Geotextile maker fined over machine guarding failure
Friday 25th August 2017
From the archive: Just so you know, this article is more than 3 years old.
Exeter Magistrates' Court was told that Anthony Seward was preparing a piece of machinery for the next shift when his hand was drawn in to the rotating rollers.
The Health and Safety Executive (HSE) found that Heathcoat Fabrics had not replaced the guard that had broken down two years before and had fitted an emergency stop wire instead.
The guard was fixed the day after the incident happened, on 23 August 2014.
Heathcoat Fabrics, which manufactures geotextiles for the military and aerospace and automotive industries, pleaded guilty to breaching reg 11 of the Provision and Use of Work Equipment Regulations and must also pay £2,862 costs.
Worcester Crown Court was told on 31 August that Jeffery Warner, an employee at Thomas Panels and Profiles, died when a steel beam emerged from a machine and pushed another beam, which crushed him against a closing door.
The worker was attempting to clear a blockage in the machine at the company’s plant in Mexborough near Doncaster when the incident occurred on 8 March 2016.Sheffield Magistrates’ Court was told that the carding machine was fitted with a flange attachment. This connected pipework to the machine at the discharge chute and supplied loose fibre to a single toy-filling machine.
Merthyr Magistrates’ Court was told that machine operator Paul Dignam was standing on the control platform of a computer numerical control (CNC) milling machine that he was test programming. The machine’s three overhead millers and the linked control platform had started to traverse the horizontal milling bed when Dignam stepped off to adjust the cooling jets.
Avon Joinery admitted breaching reg 9(1) of the Provision and Use of Work Equipment Regulations on 26 July after an investigation by the Health and Safety Executive (HSE) found it had not given the worker necessary refresher training. Coventry Magistrates’ Court was told that the 59-year-old joiner was using the saw to cut tapered strips of wood on 3 February 2016 when his hand came into contact with the blade. He lost most of his left index finger and the tip of his thumb.
R J Scaffolding had not trained its employee, the Health and Safety Executive (HSE) said, nor had it given him appropriate equipment.It also found that the supervisor overseeing the work was not competent. The worker was in an induced coma for two weeks after the fall on 2 June 2016. Bristol Magistrates’ Court was told that he sustained five skull fractures and lost the sight in his right eye. R J Scaffolding pleaded guilty to breaching reg 2(1) of the Health and Safety at Work Act. It has been fined £26,000 and ordered to pay costs of £1,658.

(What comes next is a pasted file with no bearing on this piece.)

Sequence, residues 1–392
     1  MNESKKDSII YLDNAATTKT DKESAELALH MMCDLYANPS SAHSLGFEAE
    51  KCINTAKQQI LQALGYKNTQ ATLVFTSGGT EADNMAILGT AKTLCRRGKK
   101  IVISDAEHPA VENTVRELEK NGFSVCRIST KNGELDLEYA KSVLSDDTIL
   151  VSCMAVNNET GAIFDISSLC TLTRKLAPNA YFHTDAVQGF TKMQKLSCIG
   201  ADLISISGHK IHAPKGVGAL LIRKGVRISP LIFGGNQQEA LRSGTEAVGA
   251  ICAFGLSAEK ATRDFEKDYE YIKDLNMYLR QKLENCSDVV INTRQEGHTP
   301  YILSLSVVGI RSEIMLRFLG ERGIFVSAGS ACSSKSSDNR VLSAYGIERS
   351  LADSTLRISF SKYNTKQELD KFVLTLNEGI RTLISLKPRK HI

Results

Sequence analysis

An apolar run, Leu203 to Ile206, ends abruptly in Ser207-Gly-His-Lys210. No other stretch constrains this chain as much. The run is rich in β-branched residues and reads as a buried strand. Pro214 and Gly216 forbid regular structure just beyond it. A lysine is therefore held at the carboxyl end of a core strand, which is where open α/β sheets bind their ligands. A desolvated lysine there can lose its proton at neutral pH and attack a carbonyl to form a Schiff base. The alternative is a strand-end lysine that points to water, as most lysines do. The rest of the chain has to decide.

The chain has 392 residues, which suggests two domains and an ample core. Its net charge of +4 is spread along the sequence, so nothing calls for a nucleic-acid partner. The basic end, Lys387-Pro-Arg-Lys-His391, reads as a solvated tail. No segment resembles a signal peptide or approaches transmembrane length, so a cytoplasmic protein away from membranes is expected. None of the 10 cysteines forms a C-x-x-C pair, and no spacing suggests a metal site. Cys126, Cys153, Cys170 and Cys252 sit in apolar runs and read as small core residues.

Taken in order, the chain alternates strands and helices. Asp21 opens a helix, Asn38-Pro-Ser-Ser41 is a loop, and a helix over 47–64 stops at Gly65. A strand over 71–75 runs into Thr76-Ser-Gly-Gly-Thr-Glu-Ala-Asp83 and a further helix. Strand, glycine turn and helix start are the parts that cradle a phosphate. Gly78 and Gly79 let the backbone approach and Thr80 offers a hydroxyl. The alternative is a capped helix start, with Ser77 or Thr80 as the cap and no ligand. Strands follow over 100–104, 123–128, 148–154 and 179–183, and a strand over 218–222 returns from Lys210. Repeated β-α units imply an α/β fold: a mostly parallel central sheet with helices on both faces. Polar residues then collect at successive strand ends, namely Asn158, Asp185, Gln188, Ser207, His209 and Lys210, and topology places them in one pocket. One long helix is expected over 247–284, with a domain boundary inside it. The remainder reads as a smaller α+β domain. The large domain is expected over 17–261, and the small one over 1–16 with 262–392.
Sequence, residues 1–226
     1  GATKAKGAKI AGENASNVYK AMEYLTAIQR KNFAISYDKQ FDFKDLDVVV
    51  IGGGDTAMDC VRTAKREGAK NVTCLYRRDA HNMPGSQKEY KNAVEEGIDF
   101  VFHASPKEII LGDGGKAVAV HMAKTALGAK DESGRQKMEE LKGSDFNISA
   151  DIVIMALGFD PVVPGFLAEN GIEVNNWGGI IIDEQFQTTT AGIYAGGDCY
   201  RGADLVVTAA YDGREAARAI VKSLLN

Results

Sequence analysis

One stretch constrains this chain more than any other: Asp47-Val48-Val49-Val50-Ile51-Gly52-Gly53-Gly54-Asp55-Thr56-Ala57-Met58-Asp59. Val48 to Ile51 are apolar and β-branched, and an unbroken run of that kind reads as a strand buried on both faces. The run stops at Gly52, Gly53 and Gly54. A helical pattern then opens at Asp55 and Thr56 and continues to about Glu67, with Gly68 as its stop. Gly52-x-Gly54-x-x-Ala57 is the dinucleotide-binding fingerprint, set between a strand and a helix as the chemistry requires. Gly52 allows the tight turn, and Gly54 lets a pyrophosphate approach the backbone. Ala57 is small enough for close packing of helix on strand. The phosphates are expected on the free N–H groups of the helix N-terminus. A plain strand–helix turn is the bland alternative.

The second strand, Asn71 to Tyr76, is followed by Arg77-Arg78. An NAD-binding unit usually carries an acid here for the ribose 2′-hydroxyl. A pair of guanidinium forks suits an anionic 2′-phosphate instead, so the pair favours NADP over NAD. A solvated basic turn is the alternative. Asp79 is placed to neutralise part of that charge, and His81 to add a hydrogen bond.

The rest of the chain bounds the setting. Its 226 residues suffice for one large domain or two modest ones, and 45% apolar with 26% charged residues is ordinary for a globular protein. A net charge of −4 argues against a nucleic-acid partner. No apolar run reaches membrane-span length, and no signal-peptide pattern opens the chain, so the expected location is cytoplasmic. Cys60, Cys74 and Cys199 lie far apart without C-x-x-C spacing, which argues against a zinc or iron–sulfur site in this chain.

Olympic Varnish Company, whose activities include metallic coating for giftwrap, had failed to identify the risks of using highly flammable liquids, the Health and Safety Executive (HSE) said following its investigation into the 10 July 2015 accident. The company, based in Stroud, Gloucestershire, has been fined £16,000 plus £4,505 costs after it admitted breaching reg 6(1) of the Dangerous Substances and Explosive Atmospheres Regulations 2002, which covers the elimination or reduction of risks from dangerous substances.
A Belfast-based Risk & Compliance software provider has been collaborating with the Health and Safety Executive (HSE) and construction giant Costain as part of an ongoing project to unlock artificial intelligence’s (AI) potential in improving the management of risks on worksites.
In this webinar, we will take a closer look at what the new stats mean compared to previous years with a focus on the topics of chemical management, permit to work and EHS in the manufacturing industry. Book your free place now and earn CPD points, too.
IOSH magazine spoke to HSE inspector Bill Gilroy about a serious accident at a Nestlé factory in Newcastle – an almost carbon copy of a previous incident at another of the confectionary firm’s factories.
The US Department of Labor has presented an Ohio-based vehicle parts manufacturer on its ‘severe violator enforcement programme’ with a fine of $480,240 (approx. £373,000) after inspectors found it had continually exposed workers to multiple machine hazards
Chipboard manufacturer Norbord Europe Limited has been fined £2.15m after a four-week trial held at Perth Sheriff Court in Scotland found that a series of failings at its Cowie site in Stirlingshire in July 2016 had led to an employee’s death.